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you remember me, my


leave of his host, called for his guards, mounted that was much more dignified than his land guage

“ I am Nick Chinnery, my Lord, that made
Se the peppered devil last night, and set fire to the
Nantz, and


of Joan and the
Parson, and mimicked the drunken fidler. Don't

Lord ?"
“ No, fellow!" bawled Jeffreys, with a still
fiercer look; “I can never have remembered
thee, unless when I had forgotten myself.
Avaunt! I know thee not."
The discomfited Chinnery slunk away, glad
escape from

à voice and look that were
equally terrific; and his Lordship, receiving a
message from a gentleman who requested to
speak with him upon a confidential and im-
portant affair, desired the servant to conduct
him to some private apartment, where they
might be safe from interruption. The other
chambers being occupied, the parties were ac-
cordingly ushered into Helen's painting-room,
and the business upon which they met being
presently dispatched, the Judge soon after took

the expression of Helen's eye, he had seen at the time that she was privy to Reuben's concealment; and though he felt the deep responsi

his state-coach, into which Colonel Kirk fol. lowed him, and drove away from Harpsden Hall, to the inexpressible relief of Reuben and his two young protectresses. It will not im. peach the filial affection of the latter, considering the heartless distance at which their father had always held them, and the peril to all parties that resulted from his presence, if we add, that they were both gratified when he suddenly set off upon his return to London: to which place he was summoned by some of those petty ministerial intrigues in which he was perpetually dabbling, although the ruling powers saw through his selfish motives, and despised his officious zeal. The Captain had already betaken himself to his command at Lyme, and thus Harpsden Hall was restored to the quiet it had enjoyed before the arrival of these unwelcome visitants.

Goldingham was the first person who presented himself after their departure. Fromm

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Tbility he should incur by the smallest interin Eference, especially after the ferocious menaces

Jeffreys, his curiosity as well as his inte10 rest in Reuben's fate determined him to pay 13 a visit to Lady Trevanian, in the hope of is procuring a separate interview with Helen, and the per obtaining some clue to the mystery of his

nephew's present disguise and future plans. In to the former expectation he was not disappointed; ob he was enabled to converse apart with Helen,

but she would only assure him that she was no iba party, in the first instance, to Mr. Apsley's

assuming Lord Trevanian's livery ; that another person had revealed to her who he was ; that she was aware of the penalty of death to which she was liable, and resolved to encounter it rather than betray him ; but that there was no necessity for involving others in the vital responsibility that attached to herself, especially as she had already supplied him with money, which was all that Goldingham himself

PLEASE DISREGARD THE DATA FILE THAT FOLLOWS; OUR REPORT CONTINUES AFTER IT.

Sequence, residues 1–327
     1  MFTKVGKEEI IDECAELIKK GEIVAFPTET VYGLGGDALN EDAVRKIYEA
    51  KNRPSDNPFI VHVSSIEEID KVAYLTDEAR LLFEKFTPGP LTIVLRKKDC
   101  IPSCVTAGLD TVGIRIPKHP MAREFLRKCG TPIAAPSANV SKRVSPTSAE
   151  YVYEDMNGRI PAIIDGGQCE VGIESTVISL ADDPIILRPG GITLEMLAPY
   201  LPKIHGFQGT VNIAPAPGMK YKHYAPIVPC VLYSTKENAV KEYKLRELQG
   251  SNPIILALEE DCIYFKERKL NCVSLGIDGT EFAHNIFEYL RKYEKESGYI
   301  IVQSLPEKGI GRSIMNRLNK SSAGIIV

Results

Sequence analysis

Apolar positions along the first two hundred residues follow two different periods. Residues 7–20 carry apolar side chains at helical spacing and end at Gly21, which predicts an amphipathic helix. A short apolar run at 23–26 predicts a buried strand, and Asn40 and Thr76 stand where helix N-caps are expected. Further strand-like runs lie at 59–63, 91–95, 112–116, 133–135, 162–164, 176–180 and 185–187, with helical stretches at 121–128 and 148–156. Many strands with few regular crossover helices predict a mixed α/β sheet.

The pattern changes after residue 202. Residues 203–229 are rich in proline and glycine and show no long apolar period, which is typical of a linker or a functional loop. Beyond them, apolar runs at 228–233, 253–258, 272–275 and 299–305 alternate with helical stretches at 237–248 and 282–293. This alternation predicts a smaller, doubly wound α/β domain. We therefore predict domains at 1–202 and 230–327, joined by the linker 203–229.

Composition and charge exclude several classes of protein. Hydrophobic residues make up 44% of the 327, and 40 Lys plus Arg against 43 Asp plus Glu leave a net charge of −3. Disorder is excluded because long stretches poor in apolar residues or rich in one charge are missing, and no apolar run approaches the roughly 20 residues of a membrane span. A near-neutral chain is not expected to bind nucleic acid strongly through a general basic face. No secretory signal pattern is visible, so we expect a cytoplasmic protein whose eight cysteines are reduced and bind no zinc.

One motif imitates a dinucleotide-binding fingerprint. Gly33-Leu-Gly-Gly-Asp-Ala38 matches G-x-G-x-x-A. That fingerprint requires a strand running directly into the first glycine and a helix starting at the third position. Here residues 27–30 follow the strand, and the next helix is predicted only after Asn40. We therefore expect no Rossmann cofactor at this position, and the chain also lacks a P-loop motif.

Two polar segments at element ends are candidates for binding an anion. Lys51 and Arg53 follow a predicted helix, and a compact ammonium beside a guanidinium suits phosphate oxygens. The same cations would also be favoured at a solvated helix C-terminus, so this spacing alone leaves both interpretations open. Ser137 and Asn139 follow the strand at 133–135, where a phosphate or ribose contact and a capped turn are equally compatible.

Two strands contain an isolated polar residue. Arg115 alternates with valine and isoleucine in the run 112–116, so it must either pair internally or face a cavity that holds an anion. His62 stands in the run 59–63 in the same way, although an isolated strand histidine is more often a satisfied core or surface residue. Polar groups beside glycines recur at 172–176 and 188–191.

“ Let this be the last time that we ever open our lips to one ano

upon the subject," said Helen, “ until we

could do for his assistance.


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cán both do so with perfect safety, and when
that is the case, but not until then, I will con-
sent to your repaying me the loan that I have
advanced to Mr. Apsley.
Madam, I respect you with all my

heart and soul, for you are a woman of noble feeling, his ad and, what is much more rare, you are a woman of business, Madam; hem!" Although he thought this the very highest eulogy he could bestow, Goldingham was proceeding with other acknowledgments; but as their object' had the withdrawn, curtsying, and with her finger to her lips, he returned to his own house, determined not to leave to her the whole responsib lity, which she so generously volunteered to assume; but to prepare some plan, if possible, for his nephew's escape, and contrive to give him information of it as soon as it should be matured. What this was to be it would require time and thought to decide, but he had an unbounded confidence in the omnipotence of ma ney; and knowing his own wealth,

i he did by any means ' despair of succeeding purpose.

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in his

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Though they could not succeed in this object,

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Ever prone to yield to the impulse of the moment, Reuben was flattering himself upon his present comparative security, abandoning himself to the happiness of living under the same roof with Helen, and indulging in visionary hopes, and reveries, which his critical plight by no means warranted, when a new danger was threatening him, which, but for the watchful solicitude and prompt assistance of Grace, the Anabaptist girl, might have quickly given him a prison instead of Harpsden Hall, for the scene of his delusive dreams. His inexpertness in his office, his holding himself aloof

as well as his superior manners, conversation, and appearance, had combined with a variety of minute circumstances, to excite suspicion in two of his fellowservants, one of whom procured a list of the fugitives for whose apprehension a reward had been offered, and studied it with his comrade, in the hope of discovering, by the descriptions it contained, whether the pretended, butler might not be identified as a proscribed, rebel.

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from the kitchen society,

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